April is National Head and Neck Cancer Awareness Month and according to the American Academy of Otolaryngology (Head and Neck Surgery), each year, more than 55,000 Americans will develop cancer of the head and neck (most of which is preventable) and nearly 13,000 of them will die from it.
Head and neck cancer is a term used to describe a number of different cancerous tumors that develop in or around the throat, larynx, nose, sinuses, and mouth. These cancers typically begin in the squamous cells that line the moist surfaces inside the mouth, nose and throat.
Tobacco use is the most preventable cause of head and neck cancer. In the U.S., up to 200,000 people die each year from smoking-related illnesses. The good news is that this figure has decreased due to the increasing number of Americans who have quit smoking. The bad news is that some of these smokers switched to smokeless or spit tobacco, assuming it is a safe alternative. By doing so, they are only changing the site of the cancer risk from their lungs to their mouths. While lung cancer cases are decreasing, cancers in the head and neck appear to be increasing.
Fortunately, most head and neck cancers produce early symptoms. Below are some potential warning signs of head and neck cancer. If you experience any of these symptoms, you should alert your doctor as soon as possible.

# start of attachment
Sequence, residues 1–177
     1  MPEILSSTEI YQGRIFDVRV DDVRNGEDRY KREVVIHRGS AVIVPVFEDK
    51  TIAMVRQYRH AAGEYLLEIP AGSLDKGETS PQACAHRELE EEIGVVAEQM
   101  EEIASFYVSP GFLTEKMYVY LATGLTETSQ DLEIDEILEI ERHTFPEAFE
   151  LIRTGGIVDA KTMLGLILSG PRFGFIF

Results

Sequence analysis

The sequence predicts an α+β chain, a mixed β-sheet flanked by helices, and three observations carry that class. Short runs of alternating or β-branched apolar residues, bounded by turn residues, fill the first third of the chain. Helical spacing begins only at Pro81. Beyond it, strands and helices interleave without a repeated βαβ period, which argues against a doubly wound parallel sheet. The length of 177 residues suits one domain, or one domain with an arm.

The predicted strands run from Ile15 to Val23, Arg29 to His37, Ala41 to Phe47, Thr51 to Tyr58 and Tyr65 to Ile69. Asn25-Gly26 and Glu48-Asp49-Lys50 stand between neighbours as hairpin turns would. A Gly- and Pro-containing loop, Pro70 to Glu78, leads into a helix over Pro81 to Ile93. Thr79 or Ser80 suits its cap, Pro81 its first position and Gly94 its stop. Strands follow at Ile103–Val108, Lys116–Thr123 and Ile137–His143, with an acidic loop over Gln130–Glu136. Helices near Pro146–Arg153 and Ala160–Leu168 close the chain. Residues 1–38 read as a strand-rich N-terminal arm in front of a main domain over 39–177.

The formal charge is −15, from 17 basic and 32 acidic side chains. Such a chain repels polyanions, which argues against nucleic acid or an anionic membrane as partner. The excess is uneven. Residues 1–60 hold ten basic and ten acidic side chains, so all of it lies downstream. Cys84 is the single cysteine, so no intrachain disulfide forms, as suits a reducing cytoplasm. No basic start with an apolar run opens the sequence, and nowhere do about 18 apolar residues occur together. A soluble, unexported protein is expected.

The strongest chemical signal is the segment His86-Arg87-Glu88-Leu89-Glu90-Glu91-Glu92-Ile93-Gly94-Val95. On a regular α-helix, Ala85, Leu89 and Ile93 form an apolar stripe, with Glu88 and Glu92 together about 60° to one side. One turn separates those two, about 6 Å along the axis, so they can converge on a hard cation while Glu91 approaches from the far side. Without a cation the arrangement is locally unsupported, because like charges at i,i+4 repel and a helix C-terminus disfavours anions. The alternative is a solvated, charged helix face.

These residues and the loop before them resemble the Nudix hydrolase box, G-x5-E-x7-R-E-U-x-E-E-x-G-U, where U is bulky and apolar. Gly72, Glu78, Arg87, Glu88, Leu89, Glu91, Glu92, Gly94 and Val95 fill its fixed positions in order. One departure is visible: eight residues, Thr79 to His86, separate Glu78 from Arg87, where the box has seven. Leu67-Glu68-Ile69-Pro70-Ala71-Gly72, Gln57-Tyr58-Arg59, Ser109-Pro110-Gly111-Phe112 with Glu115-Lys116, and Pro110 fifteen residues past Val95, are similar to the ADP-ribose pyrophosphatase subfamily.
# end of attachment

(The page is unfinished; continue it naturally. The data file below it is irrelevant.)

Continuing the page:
There are several head and neck cancer symptoms, including:
- Lump, bump, or mass in the head or neck area, with or without pain
- Persistent sore throat
- Hoarseness or change in voice
- Nasal obstruction or persistent nasal congestion
- Frequent nose bleeds and/or unusual nasal discharge
- Blood in the saliva or phlegm
- Ear and/or jaw pain
Many cancers of the head and neck can be cured, especially if they are found early. Although eliminating the cancer is the primary goal of treatment, preserving the function of the nearby nerves, organs, and tissues is also very important. When planning treatment, doctors consider how treatment might affect a person’s quality of life, such as how a person feels, looks, talks, eats, and breathes. Treatment options and recommendations depend on several factors, including the type and stage of cancer, possible side effects, and the patient’s preferences and overall health.
At MUSC Hollings Cancer Center, the mission of the MUSC Head and Neck Tumor Center is to provide the most comprehensive, advanced, and compassionate care to each patient, while pursuing future goals of the control of head and neck cancer through research. The Head and Neck Tumor Program prides itself on innovative care for each patient and family member. With a team of more than 30 specialists prepared to provide input into every aspect of the needs of head and neck tumor patients, the program offers the most up-to-date treatment and rehabilitative options. High quality care is enhanced by constant interaction between Head and Neck Tumor Center physicians and researchers. This collaboration benefits all patients, including those with difficult cases.
For more information about head and neck cancer, or any of the conditions treated at MUSC Hollings Cancer Center, please click here.